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Marry ME: The 'One' that got away

by Jeremy Hooper

Impressive. Beautiful. Heartbreaking:

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Your thoughts

Maine was an incredibly well run campaign. The workforce mobilized by the campaign was a thing of beauty. The dedication and commitment of everyone involved was exemplary. And, even though we technically lost, it doesn't feel like a loss to me. It's heartbreaking, and is a setback, but we didn't lose. We were beaten by opponents who hold no regard for the truth, and who lack any compunction for dirty, vicious and deceptive tactics. Compared to that, we are the winners hands down.

And, I have to say, JH, that you looked quite studious as the camera caught a glimpse of you reporting from the scene there on election night. You do a great job for us, and we very much appreciate it.

Posted by: Dick Mills | Nov 13, 2009 6:12:19 PM

I knocked on doors, helped out fellow Prop 8 supporters, donated time and money. We were in an election year. And NO OTHER MEASURE, no other defeat or change in the laws...brought tears to the eyes of anyone but those who knew the gravity of what was lost.
The people who LOST their rights. It wasn't just about the voting, pitting neighbor against neighbor at the ballot box.
But about the quality of life and having no chance or way of NOT weeping at why citizens are measured this way.

The injustice of it all, is to weep. I wept too. I felt the pain of what happened in the Pine Tree state.
All the way from the Golden State.

The opposition was so unfeeling, so critical of the different ways in which people reacted here in CA. So vicious in there assessment.
And at no time, did any of them consider or even mention how THEY would feel, how THEY would react if the right to marry were TAKEN AWAY from them.

They had the luxury of only knowing how they'd feel by demanding the choice to keep it to themselves. To keep it special and exclusive, but not how they'd feel if they didn't have the option at all.

I dare any one of them to be truthful and honest about that.
Being able to marry, have the hope of it, the goal of it to aspire to, makes more of us angels to one another.

A lesson the opposition chooses to ignore.

Posted by: Regan DuCasse | Nov 13, 2009 6:22:20 PM

Oh, Jeremy...

I had managed to get through a few days without crying. Now you have me right back to where I was on Wednesday, 11/4. Looking at those videos and seeing so many people I know, seeing their tears and their sadness, feeling mine, just gets me upset all over again.

I know. I know. Stay the course. No one ever said this was going to be easy. But knowing that we are fighting against lying, hateful deceitful people makes it so much harder. My only consolation is that time is on our side. We will prevail. I just wish -- I wanted so much -- that we could hold up the great state of Maine as a shining example of how marriage equality would prevail at the ballot box.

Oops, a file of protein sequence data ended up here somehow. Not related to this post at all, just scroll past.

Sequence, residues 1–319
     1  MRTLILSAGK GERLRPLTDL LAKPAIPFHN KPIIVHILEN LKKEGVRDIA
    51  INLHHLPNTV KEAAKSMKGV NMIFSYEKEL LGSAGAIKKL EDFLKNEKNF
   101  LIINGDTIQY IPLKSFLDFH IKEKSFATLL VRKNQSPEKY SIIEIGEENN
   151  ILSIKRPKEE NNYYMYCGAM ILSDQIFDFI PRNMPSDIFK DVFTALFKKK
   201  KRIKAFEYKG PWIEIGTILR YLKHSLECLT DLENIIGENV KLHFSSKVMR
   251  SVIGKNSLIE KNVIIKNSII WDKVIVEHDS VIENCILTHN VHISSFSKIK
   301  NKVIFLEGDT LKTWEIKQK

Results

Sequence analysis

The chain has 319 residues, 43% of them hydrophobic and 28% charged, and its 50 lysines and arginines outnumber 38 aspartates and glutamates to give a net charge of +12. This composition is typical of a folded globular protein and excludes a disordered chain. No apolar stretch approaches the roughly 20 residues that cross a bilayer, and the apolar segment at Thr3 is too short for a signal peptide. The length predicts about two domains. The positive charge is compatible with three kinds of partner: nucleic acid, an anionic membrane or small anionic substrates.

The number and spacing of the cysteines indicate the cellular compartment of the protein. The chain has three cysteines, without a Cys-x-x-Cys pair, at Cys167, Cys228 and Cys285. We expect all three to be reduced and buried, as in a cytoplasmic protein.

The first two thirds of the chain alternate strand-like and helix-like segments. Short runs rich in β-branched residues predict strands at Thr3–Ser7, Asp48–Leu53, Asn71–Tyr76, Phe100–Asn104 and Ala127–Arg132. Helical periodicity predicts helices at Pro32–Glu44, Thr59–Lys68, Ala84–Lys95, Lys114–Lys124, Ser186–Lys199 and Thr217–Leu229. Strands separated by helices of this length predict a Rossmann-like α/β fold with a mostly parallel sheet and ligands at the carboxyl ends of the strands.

There are 299,000 Mainers that I hope I never, ever meet.


Posted by: Leslie | Nov 13, 2009 7:03:05 PM

A few observations:

- Although it was a well-run campaign, it is pretty clear that No on 1's vaunted GOTV was not as good as advertised. Although voter turnout was up, it was up everywhere - both the liberal and the conservative areas, so it all canceled out. No on 1 had to do better than Yes on 1 on turnout, and in spite of a larger budget and more volunteers, it didn't. I think the NGLTF "experts" who were brought in to work on that are likely to blame.

- They lost Augusta, which voted pro-gay in 2005. So Jesse's statement that "we have the cities" is not true. No on 1 had an office in Augusta. Again, what happened with the supposedly great GOTV?

- NOM gave $2 million to Yes. HRC gave maybe $250K to No. Why does NOM do 8 times better than HRC? What was so important to HRC this year that it could only part with a few hundred K?

Posted by: Ziggy | Nov 13, 2009 11:11:27 PM

This campaign was lost from the beginning. Not because NO on 1 did a bad job, they did AMAZING work. No amount of money or volunteer force could have changed that simply because people aren't ready for it yet. They weren't ready for women's suffrage either. Or for blacks to be equal. it took federal action, and that's what has to happen again. A few states will pass marriage equality through legislative means or by court rulings, but we're still bound to lose a couple more public votes because people just aren't ready.

That being said, having the opposition concede to civil unions, while paltry and still unacceptable, was a huge step forward for the movement.

Everyone in Maine should be endlessly proud of the work that they did, and I don't know that anyone will forget the strides made here in Maine once we win this across the country.

Posted by: Jason | Nov 16, 2009 7:09:06 PM

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